Today I am delighted to be sharing a review for Anaele & Delphine Hermans’ graphic memoir Green Almonds: Letters From Palestine before I dive down the rabbit hole and share a series of WWII and Holocaust reviews. This autobiographical account of living and volunteering in Palestine is a much needed antidote to the oscillations between fake news and feigned ignorance found in the media when it comes to reporting on the Israel-Palestine conflict.
Title: Green Almonds: Letters From Palestine
Author: Anaele Hermans
Illustrator: Delphine Hermans
Publisher: Lion Forge
Publication Date: July 3, 2018
Genre: Comics, Graphic Novel, Memoir, Biography
Themes: Family, Travel, Conflict
Features: Author’s note, Illustrator’s note
My Rating: 3.5 / 5
The graphic novel collaboration and true story of two sisters. Anaele, a writer, leaves for Palestine volunteering in an aid program, swinging between her Palestinian friends and her Israeli friends. Delphine is an artist, left behind in Liege, Belgium. From their different sides of the world, they exchange letters.
Green Almonds: Letters from Palestine is a personal look into a complex reality, through the prism of the experience of a young woman writing letters to her sister about her feelings and adventures in the occupied territories. Green Almonds is an intimate story with big implications.
A young woman discovers a country, works there, makes friends, lives a love story, and is confronted with the plight of the Palestinians, the violence on a daily basis that we see on our screens and read in our newspapers. Anaele’s story is brought to life by Delphine’s simple and evocative drawings, which give full force to the subject and evoke the complexity of this conflict, creating a journey to the everyday life of Palestinians.
Green Almonds: Letters from Palestine received the Doctors Without Borders Award for best travel diary highlighting the living conditions of populations in precarious situations when it was published in France in 2011.
First, lets get the uglies out of the way – 3.5 stars is a good review. In fact, it’s an above average review. I really liked Green Almonds, but know that I failed to connect with it on a personal/ aesthetic level. Now, this is the part where I expose my bias… you see, I cut my teeth on comics journalism/ conflict travelogues reading Joe Sacco (think Palestine, Footnotes in Gaza, and Safe Area Gorazde) and I find it difficult to read anything along these lines without drawing direct comparisons to the genre’s founder.
While Green Almonds has all of the deeply disturbing and emotional elements that I have come to appreciate and expect from works looking at the Israeli-Palestinian conflict, where this book feel just a little short for my tastes was in the art. The abstractions, while easily identifiable and unquestionably human, were just a little too cartoonish (if not a little childish) in relation to the subject matter at hand. I appreciated that the result was an emphasis that focused squarely on the personal narrative portrayed, ultimately I found the graphic element to be lacking in depth and emotion. The landscapes were simple with minimal detail and I was left wanting shading, texture, and a little realism. I know that this is entirely personal, but I had trouble with the overwhelming amount of white space!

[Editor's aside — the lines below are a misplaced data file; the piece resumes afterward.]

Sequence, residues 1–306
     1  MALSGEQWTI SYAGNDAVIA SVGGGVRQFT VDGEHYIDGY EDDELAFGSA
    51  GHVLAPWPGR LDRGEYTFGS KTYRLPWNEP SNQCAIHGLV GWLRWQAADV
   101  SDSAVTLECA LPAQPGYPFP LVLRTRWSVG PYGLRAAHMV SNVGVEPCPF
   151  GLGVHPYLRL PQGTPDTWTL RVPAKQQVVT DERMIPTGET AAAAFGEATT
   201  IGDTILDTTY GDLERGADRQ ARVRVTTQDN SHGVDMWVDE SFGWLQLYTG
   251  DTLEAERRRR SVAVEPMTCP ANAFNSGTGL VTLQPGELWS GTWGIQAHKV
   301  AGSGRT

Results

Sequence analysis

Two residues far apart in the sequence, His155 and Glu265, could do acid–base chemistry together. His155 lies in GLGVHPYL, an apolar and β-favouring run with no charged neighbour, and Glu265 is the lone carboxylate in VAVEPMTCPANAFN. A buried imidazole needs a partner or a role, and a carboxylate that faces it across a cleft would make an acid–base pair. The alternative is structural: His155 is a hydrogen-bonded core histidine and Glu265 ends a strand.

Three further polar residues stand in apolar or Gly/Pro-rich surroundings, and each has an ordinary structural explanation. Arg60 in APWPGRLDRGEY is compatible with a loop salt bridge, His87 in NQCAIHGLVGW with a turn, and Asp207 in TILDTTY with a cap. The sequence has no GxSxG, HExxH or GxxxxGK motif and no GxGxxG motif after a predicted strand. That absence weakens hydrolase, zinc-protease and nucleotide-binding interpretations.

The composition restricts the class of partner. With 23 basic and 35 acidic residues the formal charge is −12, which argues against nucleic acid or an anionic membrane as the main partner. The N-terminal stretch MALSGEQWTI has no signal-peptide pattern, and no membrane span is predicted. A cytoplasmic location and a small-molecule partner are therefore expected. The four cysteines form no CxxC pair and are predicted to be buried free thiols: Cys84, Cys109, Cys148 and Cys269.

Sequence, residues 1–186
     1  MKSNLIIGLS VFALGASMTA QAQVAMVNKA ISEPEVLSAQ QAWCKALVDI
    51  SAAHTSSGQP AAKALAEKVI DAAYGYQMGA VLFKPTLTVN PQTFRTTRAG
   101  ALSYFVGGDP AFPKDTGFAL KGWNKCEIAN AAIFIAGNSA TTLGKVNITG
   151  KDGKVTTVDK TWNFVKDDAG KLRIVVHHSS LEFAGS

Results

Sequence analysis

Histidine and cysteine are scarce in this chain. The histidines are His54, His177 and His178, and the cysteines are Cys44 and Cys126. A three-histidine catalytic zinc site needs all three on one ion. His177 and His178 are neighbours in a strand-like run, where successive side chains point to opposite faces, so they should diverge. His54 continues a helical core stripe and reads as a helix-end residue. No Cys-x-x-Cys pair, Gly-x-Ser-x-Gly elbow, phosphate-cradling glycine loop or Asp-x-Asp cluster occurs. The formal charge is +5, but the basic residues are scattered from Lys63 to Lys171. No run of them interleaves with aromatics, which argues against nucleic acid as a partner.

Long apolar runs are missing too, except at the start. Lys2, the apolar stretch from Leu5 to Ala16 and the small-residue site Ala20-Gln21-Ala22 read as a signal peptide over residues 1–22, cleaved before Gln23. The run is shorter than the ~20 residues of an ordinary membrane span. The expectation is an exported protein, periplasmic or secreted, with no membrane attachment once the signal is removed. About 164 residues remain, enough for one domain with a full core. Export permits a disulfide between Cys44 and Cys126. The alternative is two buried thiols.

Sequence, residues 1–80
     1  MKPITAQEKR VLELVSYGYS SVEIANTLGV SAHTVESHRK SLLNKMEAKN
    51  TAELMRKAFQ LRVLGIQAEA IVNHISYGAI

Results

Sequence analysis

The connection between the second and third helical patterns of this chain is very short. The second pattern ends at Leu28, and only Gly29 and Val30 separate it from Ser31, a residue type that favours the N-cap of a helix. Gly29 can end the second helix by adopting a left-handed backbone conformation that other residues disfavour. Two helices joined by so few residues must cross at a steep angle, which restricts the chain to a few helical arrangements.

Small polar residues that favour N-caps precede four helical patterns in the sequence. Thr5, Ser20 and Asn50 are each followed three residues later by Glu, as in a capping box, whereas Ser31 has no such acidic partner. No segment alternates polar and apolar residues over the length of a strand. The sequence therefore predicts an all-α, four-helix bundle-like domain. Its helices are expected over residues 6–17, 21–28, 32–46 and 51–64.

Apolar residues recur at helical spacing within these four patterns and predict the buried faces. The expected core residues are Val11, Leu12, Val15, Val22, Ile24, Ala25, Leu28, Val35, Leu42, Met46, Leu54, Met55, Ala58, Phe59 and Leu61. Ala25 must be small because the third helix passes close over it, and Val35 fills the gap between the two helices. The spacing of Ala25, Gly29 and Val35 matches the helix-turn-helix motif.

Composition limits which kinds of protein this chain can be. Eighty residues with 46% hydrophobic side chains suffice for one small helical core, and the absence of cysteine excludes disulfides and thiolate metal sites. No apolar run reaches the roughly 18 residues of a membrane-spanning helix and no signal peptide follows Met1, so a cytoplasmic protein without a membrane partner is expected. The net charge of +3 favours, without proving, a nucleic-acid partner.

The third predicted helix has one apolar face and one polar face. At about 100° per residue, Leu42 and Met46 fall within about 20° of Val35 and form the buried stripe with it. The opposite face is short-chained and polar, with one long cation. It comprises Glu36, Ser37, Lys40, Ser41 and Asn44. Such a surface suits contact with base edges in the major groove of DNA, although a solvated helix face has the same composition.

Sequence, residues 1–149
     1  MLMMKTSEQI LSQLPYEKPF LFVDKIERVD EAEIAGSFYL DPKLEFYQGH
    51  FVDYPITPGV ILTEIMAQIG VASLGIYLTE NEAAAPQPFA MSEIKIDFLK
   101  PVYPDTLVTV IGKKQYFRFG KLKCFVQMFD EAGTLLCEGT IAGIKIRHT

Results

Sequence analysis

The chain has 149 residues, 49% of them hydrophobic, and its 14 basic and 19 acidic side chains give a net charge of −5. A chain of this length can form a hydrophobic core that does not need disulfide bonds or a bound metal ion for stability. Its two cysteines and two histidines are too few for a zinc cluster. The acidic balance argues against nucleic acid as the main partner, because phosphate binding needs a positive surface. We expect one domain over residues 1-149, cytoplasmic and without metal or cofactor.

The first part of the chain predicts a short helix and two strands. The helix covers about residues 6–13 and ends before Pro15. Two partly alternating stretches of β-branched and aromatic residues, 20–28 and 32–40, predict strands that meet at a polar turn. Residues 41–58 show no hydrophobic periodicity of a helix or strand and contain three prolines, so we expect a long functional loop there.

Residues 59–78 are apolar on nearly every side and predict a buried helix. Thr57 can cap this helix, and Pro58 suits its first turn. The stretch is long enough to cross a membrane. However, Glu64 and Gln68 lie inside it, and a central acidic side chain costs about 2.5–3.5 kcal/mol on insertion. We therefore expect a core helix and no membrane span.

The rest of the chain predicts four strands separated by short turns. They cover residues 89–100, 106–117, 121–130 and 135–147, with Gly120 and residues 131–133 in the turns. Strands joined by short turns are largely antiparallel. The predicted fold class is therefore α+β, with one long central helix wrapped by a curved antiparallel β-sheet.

But, and this is the important part, the panels and pages were meticulously blocked, the script expertly distributed, and the story fully supported and portrayed by the images at hand. There was an easily identifiable sense of time and place, with carefully controlled pacing that lent a realistic quality to the reading experience. There was ample variety in the panel sizes and arrangements which kept every pages feeling fresh and never boring, and the use of multiple transition types kept me on my toes. Additionally, enough action takes place in the gutter to allow the imagination enough agency to fill in the blanks based on assumptions or personal experience, with just enough imagery to keep everything on track.
Additionally, I really loved the alternation between the sisters with the comics/ postcard dichotomy. It really facilitated a difference in voice and character, even though Delphine is rarely portrayed, and highlights the ways in which siblings can be connected yet entirely opposite. I loved how Delphine was meticulous, succinct, and almost professional while Anaele embodied the type of free spirit that engages in voluntourism. I was most drawn to Anaele’s interactions with locals on either side of the conflict, and genuine appreciated how both Israelis and Palestinians were portrayed without bias or judgement. Every character had a story, a unique experience, and a lived reality that translated beautifully to the page.
It has always been difficult for me to conceptualize the spectrum of lifestyles lived within such a small geographical area, and yet Green Almonds portray’s beautifully how a wall and some checkpoints can separate opulence from poverty and oppressor from oppressed. As the pages progress it becomes increasingly clear how living in such conditions can wear a person down. The number of personal narratives relayed creates a critical mass highlighting a humanitarian crises, and really calls to question how we are able to sit by and turn away from this reality.
Would I recommend this book? Absolutely. Although perhaps not to those who are new to the comics medium. Yet, the memoir and autobiographic elements are evocative, touching, and truly thought provoking. Green Almonds is most definitely a worthwhile and introspective read.
Many thanks to Diamond Book Distributors and NetGalley for providing a copy in exchange for an honest review.